It is possible, Russia could still control the Crimea canal from the other bank of the river, but a sudden retreat from such a prize would be a major embarrassment for Russian forces. Kherson is quite close to Crimea, and a loss of it might even unsettle pro-Russian people in Crimea.
It is not for certain that Yatsenko is back in Kherson with the sponsorship of the Russian government. He could be auditioning, or using his own networks to try and chisel into the pro-Russian racket in Kherson, or there as part of some initiative by just one faction of the Russian state (the FSB, for example). Seeing if he stays in the limelight, if he announces the formation of a “Peoples’ Republic”, or if he continues to demand that Kherson join Russia, he is probably the best thing we have to see what the Russians are up to in Kherson, whether he is an agent or just a weather vane.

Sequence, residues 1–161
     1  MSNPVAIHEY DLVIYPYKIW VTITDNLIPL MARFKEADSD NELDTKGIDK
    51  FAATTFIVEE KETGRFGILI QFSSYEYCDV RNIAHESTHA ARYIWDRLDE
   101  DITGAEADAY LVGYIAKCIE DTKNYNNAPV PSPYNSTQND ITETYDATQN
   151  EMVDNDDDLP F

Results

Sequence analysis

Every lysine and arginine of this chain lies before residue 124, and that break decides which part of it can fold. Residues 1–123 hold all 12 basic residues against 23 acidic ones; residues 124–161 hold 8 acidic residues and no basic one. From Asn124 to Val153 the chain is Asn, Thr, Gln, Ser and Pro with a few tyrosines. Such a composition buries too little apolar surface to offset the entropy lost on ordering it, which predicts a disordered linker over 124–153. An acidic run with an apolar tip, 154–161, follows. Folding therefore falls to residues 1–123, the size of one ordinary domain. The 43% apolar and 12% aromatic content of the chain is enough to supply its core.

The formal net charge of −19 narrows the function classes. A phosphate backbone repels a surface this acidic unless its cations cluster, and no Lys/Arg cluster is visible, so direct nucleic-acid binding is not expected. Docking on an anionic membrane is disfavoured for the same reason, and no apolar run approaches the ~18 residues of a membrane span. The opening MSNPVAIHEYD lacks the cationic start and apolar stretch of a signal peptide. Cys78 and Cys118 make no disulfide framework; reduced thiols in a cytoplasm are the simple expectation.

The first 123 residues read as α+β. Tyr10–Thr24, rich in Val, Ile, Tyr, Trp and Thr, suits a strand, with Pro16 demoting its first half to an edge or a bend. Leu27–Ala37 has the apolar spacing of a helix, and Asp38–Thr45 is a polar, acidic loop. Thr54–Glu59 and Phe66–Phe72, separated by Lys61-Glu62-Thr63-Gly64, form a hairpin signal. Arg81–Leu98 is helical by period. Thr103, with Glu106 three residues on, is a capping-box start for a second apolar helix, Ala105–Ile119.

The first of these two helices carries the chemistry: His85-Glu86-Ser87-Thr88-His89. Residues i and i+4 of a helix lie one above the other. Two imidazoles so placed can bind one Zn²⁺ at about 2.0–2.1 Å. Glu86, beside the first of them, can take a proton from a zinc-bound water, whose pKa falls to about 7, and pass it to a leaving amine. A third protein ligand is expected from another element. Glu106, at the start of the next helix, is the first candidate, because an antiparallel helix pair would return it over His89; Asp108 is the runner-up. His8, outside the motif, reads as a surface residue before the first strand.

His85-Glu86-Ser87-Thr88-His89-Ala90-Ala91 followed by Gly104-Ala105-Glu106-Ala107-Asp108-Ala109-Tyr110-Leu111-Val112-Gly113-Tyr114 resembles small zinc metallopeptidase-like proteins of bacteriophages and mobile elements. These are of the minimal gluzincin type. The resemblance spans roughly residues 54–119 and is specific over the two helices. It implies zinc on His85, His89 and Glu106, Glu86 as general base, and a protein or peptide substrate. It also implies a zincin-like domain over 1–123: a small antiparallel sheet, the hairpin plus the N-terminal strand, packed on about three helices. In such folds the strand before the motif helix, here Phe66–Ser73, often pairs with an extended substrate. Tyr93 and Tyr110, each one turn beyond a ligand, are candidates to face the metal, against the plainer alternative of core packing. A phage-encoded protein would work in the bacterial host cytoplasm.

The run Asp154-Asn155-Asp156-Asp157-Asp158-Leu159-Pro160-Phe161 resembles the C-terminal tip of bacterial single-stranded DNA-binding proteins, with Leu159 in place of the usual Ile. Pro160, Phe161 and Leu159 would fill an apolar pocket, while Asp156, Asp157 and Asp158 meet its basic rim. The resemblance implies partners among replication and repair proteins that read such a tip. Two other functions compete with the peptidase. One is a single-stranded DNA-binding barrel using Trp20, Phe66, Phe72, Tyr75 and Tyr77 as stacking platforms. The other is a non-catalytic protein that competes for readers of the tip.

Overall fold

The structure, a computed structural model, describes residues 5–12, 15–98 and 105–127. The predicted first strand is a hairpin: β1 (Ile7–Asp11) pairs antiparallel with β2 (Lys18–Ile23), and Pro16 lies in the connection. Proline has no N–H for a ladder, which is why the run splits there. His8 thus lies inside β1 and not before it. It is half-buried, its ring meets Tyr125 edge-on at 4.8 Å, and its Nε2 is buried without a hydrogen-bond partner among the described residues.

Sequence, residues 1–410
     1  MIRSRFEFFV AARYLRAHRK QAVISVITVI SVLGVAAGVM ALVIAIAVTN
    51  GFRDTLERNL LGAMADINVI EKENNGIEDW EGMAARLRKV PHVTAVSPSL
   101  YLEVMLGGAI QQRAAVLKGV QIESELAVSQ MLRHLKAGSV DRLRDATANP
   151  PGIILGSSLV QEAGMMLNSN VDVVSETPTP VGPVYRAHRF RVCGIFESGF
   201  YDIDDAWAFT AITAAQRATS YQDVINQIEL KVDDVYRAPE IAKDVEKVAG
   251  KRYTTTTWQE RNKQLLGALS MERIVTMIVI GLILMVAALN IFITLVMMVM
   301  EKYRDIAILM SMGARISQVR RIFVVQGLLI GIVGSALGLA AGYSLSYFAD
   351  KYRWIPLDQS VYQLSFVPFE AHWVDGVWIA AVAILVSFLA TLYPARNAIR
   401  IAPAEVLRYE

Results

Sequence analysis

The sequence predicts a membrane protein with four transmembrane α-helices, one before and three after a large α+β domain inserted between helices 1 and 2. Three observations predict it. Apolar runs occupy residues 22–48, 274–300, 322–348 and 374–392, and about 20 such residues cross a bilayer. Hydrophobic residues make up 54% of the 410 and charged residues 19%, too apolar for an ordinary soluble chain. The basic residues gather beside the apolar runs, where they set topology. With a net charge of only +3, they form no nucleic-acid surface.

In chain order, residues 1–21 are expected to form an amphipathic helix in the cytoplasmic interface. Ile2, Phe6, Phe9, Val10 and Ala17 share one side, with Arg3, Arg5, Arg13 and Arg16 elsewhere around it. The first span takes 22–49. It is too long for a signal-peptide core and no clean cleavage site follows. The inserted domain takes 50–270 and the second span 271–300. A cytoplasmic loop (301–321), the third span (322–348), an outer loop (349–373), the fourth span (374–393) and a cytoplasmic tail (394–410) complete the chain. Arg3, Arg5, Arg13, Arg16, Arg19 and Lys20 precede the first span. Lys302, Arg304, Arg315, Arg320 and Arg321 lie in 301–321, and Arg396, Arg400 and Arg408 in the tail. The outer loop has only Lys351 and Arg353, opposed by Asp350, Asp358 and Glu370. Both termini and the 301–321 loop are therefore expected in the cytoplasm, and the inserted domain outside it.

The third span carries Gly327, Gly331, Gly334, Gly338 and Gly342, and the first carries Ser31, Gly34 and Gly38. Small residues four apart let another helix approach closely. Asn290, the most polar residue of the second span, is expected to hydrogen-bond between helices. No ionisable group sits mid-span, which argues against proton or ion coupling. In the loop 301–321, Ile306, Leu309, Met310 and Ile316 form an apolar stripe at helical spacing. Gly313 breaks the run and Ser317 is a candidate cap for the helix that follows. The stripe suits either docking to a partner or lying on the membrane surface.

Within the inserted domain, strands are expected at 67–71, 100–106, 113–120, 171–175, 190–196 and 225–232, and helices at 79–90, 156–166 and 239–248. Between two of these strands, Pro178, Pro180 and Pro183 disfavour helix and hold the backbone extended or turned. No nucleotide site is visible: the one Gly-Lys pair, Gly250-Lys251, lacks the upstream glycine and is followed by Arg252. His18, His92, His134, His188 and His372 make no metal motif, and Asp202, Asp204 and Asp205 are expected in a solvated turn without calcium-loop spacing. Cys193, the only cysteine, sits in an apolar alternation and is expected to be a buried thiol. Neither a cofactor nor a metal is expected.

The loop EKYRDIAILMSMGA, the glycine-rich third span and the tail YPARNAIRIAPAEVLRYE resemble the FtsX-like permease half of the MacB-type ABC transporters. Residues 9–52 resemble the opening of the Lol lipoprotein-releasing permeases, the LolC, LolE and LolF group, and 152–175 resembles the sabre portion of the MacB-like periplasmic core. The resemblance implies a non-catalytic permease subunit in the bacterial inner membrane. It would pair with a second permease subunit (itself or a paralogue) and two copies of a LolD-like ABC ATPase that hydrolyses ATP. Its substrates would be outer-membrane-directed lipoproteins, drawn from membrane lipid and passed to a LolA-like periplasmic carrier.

In a fitting end to his interview, Yatsenko invoked Kherson’s “sacred” history to justify its return to Russia, noting that Grigory Potemkin’s tomb is in Kherson. Grigory Potemkin was the governor of the province of Novorossiya, established on what is today southern Ukraine by Catherine the Great. He encouraged colonization, built public works, etc., but unfortunately for his reputation he is mainly known for the apocryphal story that he built fake happy and prosperous villages to impress his empress during her tour of the province. These were actually just facades populated with actors—“potemkin villages.” Yatsenko is the would-be constructor of a potemkin politics for Kherson.